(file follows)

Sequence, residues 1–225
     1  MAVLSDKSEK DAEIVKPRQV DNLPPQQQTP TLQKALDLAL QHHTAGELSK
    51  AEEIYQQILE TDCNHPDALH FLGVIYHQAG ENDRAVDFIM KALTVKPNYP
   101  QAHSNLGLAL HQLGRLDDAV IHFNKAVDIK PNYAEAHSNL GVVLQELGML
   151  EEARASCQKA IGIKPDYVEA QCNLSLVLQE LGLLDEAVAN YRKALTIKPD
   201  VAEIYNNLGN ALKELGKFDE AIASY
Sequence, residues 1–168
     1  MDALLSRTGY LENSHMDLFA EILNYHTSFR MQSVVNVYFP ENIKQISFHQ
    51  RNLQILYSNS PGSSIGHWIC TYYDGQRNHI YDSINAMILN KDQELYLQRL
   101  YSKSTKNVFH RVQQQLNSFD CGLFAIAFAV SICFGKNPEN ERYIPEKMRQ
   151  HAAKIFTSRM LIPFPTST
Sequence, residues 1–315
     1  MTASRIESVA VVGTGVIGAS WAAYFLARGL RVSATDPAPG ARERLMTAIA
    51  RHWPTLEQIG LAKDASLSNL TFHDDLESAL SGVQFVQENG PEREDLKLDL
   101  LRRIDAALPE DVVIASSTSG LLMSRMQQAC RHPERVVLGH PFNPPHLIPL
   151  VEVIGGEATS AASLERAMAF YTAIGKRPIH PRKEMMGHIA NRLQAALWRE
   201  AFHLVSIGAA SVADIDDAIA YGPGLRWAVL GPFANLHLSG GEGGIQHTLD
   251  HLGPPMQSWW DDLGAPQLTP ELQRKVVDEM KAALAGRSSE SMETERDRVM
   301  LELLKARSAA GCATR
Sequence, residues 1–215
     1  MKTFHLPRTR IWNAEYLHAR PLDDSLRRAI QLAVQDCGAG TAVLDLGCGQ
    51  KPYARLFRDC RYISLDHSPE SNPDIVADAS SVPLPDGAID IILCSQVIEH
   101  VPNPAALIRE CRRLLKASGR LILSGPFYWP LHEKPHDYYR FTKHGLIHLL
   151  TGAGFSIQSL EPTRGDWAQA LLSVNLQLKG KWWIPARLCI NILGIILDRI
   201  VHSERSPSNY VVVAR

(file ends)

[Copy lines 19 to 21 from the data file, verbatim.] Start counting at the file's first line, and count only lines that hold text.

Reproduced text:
   301  LELLKARSAA GCATR
Sequence, residues 1–215
     1  MKTFHLPRTR IWNAEYLHAR PLDDSLRRAI QLAVQDCGAG TAVLDLGCGQ